A cash register is a straightforward tool for tallying purchases. As opposed to a POS system, it does not provide the same features and advantages. A POS system is the best option if you’re seeking for a more sophisticated approach to run your retail store.

How to choose the best retail POS system?

Each store POS system must have a few specific features. These crucial characteristics include:

  • Accepting mobile payments such as Apple Pay and Google Pay should be possible with a shop POS system.
  • Customer management: You should be able to construct customer profiles and keep track of their purchase history with a retail POS system. To promote client loyalty, this information may be utilized to send customized marketing emails.
  • Inventory management: Retail organizations must constantly monitor the items they have on hand. This procedure is made simpler by an inventory management POS system, which updates your inventory count when sales are made.
  • Hardware compatibility: A retail POS system has to work with several types of hardware, such as cash drawers, barcode scanners, and receipt printers.
  • Employee management: You should be able to add and remove employees from a retail POS system, as well as monitor employee sales. The performance of employees may be tracked using this data, and top performers can be recognized.

These are the key components that any retail POS system needs to have. There are a few more features, though, that some firms may find helpful.

Accounting software integration: Businesses who need to track sales and costs in one location may find it useful to use a retail POS system that interfaces with accounting software, such as QuickBooks.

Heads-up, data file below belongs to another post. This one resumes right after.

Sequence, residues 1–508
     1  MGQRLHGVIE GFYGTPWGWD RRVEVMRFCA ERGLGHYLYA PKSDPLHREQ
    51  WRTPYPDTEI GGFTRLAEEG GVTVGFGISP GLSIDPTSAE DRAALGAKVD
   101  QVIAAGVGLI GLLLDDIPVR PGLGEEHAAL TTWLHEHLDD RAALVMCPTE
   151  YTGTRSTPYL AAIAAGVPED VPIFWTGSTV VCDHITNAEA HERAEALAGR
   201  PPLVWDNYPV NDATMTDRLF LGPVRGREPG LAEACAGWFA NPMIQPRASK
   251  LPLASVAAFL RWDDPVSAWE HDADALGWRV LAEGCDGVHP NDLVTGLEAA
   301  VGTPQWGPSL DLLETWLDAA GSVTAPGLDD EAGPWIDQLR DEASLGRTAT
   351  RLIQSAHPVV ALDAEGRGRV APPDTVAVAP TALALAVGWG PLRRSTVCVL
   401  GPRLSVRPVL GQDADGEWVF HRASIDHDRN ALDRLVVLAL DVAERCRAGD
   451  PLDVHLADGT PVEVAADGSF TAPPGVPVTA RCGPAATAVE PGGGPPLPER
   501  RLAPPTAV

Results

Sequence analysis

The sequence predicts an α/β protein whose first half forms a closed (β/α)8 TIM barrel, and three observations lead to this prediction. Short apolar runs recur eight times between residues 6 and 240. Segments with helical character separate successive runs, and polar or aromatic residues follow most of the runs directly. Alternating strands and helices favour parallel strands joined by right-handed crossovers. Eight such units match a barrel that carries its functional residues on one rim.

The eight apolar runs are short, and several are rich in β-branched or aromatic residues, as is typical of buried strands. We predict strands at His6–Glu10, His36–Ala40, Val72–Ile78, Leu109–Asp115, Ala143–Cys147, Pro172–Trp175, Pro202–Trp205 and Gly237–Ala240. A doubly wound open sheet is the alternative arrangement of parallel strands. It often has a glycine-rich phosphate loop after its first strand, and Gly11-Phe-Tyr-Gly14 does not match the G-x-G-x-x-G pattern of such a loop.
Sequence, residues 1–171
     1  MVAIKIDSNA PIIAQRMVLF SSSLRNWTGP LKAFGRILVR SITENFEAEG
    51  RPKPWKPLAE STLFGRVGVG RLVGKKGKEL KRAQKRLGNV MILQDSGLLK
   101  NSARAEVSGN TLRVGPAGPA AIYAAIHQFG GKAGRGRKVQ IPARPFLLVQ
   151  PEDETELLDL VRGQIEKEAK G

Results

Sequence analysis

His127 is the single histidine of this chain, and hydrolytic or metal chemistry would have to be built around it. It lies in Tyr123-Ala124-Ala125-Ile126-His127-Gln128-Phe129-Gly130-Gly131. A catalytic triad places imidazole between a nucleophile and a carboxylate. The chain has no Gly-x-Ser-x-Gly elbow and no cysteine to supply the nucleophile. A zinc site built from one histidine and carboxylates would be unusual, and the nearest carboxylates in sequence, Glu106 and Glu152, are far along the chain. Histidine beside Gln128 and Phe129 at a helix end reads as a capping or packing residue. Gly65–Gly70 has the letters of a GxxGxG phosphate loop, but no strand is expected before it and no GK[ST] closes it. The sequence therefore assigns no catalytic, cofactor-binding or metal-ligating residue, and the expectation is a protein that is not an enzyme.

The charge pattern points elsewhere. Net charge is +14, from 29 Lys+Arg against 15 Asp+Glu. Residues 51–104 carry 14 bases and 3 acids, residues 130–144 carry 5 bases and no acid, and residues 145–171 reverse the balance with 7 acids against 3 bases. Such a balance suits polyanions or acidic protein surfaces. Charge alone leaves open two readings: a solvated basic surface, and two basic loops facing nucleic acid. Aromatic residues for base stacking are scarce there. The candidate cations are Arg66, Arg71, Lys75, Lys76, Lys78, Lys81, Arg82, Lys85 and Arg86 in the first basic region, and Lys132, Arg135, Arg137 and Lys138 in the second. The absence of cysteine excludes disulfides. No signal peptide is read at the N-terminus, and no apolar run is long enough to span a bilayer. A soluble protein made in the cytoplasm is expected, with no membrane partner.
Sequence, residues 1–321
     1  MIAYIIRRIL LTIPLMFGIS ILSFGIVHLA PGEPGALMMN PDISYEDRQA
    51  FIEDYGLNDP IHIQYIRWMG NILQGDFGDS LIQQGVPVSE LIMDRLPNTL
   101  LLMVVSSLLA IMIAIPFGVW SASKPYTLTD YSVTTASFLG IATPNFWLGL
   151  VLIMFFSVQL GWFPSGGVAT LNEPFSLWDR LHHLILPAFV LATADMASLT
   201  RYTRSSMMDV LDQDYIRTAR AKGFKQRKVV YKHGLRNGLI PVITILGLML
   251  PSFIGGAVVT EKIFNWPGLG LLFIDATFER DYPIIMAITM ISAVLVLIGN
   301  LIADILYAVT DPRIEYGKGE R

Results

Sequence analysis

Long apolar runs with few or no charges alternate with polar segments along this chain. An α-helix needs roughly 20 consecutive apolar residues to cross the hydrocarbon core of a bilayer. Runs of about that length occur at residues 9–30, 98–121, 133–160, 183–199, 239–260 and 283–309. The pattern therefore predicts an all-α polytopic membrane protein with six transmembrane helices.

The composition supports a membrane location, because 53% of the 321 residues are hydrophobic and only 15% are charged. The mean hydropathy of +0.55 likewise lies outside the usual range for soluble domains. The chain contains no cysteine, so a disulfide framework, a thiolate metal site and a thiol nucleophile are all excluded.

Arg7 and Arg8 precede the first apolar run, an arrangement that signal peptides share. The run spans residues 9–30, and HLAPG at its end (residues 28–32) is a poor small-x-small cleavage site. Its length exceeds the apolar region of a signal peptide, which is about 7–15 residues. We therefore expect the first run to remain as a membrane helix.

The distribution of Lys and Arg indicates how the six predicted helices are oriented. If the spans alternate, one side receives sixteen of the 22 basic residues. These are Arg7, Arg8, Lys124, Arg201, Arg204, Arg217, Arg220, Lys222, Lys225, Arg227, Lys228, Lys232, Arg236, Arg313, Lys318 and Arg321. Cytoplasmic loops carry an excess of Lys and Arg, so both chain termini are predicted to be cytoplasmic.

Multi-location inventory: For companies with many locations, a POS system with multi-location inventory management functions might be useful. You may track inventory at each site and move merchandise between locations with this functionality.

Website integration: For firms that do both online and offline sales, a POS system that is integrated with your website might be useful. You may manage customers and inventory together with this functionality.

These are a few more features that some businesses could find beneficial. Unfortunately, not every company need these functionalities. It’s critical to pick a POS system with the capabilities your company needs.

Retail Point-of-Sale Systems price

Processing Fees for Payment

You may take credit and debit cards thanks to the payment processing service that is included with the majority of POS systems. 2.5% of the total sale plus a per-transaction fee of $0.10 to $0.30 are the usual payment processing costs.

You may avoid paying processing costs by using your own payment processor with some POS systems. Nonetheless, the POS software will normally need a monthly charge. These costs each month might be in the $50 to $100 range.


You might be able to use your existing PC or iPad as your POS terminal. In this scenario, just ancillary hardware, such a receipt printer and barcode scanner, would be required to be purchased. Prices for peripheral items might be between $100 and $500.

Depending on the sort of gear you want, POS hardware prices might change. A terminal, which contains a touchscreen display, CPU, and software, is the most popular kind of POS gear. Prices at the terminal might range from $200 to $2,000

Choose a POS app that doesn’t need any additional hardware if you intend to utilize a mobile device as your POS terminal. A portable credit card reader, which normally costs approximately $30, would be necessary, though.